Monday, March 19, 2012

The question of housing affordability – 17 US markets near potential price bottoms. Two are in Southern California. Southern California also has counties where mid-tier cities are overpriced and continue to correct.

Housing affordability matters.  One of the biggest line items used to qualify home buyers is yourhousehold income.  This is why it is hard to understand why some people simply choose to ignore the most important factor in sustaining housing markets.  Household income drives rental prices and also drives household values historically.  Should these ratios get out of whack because of exotic mortgages or imprudent lending then prices will rise but as we are seeing, will adjust lower back to more historical trends once the unsustainable trend pops.  Some arguments hold very little water in the current landscape.  Many markets in the US may be near market bottoms and we will highlight 17 of them.  They all have very similar characteristics and some are here in California.  Other areas are still over priced by historical measures.  Let us examine the markets where price bottoms may have been reached.
17 US markets with potential bottoms
In many markets of the US if you have a solid job buying a house looks to be a good financial move.  Yet some people are so niche focus that they forget that the US is much bigger than say Culver City orBurbank.  Some may argue that lower interest rates may change the equation but keep in mind low rates apply to the entire country so wouldn’t these income to home price metrics adjust everywhere thus pushing prices up evenly?  Of course but this is why some markets may be stabilizing while mid-tier markets in Southern California fell over 5 percent in 2011.  Let us take a look at a wide range of markets where home prices may be reaching bottoms:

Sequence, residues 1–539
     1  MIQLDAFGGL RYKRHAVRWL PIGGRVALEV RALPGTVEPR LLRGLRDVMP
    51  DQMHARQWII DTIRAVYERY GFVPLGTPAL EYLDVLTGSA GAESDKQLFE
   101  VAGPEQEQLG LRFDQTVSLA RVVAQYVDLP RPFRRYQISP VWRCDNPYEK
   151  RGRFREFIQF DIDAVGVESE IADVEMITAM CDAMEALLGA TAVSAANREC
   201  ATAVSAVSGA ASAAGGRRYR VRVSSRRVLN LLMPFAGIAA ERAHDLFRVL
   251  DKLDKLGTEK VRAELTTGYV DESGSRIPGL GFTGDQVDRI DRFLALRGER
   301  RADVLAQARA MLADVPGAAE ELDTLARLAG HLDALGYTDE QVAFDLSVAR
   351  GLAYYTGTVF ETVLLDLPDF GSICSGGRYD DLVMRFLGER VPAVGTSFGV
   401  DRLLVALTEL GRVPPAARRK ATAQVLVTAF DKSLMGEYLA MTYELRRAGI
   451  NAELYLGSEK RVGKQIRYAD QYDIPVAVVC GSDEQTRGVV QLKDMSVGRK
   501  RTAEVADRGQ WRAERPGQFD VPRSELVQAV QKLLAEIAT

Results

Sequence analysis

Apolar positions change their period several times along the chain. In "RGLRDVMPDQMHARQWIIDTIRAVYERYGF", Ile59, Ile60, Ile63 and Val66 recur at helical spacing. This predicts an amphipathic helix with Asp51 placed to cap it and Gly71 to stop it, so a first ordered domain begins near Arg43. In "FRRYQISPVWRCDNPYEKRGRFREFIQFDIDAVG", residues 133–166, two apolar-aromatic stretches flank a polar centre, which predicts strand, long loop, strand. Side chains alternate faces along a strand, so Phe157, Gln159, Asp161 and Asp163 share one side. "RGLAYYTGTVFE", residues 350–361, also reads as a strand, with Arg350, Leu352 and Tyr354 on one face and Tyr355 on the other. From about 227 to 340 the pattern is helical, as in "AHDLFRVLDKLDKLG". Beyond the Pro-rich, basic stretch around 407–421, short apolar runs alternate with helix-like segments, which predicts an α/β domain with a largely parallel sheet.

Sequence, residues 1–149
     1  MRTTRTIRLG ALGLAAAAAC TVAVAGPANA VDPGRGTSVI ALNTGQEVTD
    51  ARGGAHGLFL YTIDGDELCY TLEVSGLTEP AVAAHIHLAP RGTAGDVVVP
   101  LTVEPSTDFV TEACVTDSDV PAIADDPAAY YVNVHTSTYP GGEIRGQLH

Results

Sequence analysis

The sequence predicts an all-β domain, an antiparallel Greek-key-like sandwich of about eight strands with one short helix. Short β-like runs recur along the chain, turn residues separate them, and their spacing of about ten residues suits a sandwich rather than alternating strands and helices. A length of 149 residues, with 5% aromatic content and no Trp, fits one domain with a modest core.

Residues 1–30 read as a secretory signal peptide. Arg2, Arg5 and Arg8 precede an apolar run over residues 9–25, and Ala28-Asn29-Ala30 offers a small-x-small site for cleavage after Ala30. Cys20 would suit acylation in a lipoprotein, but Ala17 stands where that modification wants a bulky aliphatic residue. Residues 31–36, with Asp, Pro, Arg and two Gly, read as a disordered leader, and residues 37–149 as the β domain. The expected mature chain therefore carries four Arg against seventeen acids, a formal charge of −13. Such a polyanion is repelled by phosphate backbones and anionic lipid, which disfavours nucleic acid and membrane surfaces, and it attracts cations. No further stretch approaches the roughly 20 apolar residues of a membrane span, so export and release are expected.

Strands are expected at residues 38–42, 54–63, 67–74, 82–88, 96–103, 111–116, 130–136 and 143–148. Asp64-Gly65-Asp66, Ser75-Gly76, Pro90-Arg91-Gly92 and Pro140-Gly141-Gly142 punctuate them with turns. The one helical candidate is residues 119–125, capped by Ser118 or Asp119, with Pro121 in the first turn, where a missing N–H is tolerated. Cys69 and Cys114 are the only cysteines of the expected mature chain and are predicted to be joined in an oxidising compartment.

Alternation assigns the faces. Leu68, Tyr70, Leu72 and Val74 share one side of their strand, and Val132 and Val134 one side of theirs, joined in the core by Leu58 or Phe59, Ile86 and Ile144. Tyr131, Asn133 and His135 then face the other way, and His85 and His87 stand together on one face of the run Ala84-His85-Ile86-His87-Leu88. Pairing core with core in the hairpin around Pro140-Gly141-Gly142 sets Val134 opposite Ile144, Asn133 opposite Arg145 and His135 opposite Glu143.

The list varies across the country.  I’ve included a handful of California markets as well.  In these areas if you have secure employment and would like to settle down, there is likely to be very little reason not to buy.  This isn’t a question of being a bear or a bull.  It is a question about understanding home values in a historical and local context.
Home price to area income ratios absolutely matter.  You’ll notice one key element here as well.  Even with low interest rates a historical home price to income ratio holds steady.  Each one of the affordable markets above has a home price to median household income ratio ranging from 2.43 in Bakersfield California to 3.15 in the San Bernardino and Riverside markets here in Southern California.  You mean we have some affordable homes here in SoCal?  Absolutely.  In these markets buying makes sense if:
-You have secure employment
-Plan to stay long-term (i.e., 7 years or more)
The cross section above is extremely diverse.  You have markets in areas like McAllen and Fort Worth Texas that had almost no bubble even during the craziness of the housing mania.  Then you have markets like Pensacola Florida and Merced California that have collapsed so bad that home values are coming back in line with local area incomes.

Where the bubble still roams
The above list includes 11 states and we can include many more as well.  The nationwide median home price is close to $150,000 so in many areas, home prices are looking attractive.  Los Angeles and Orange counties are not two of those areas.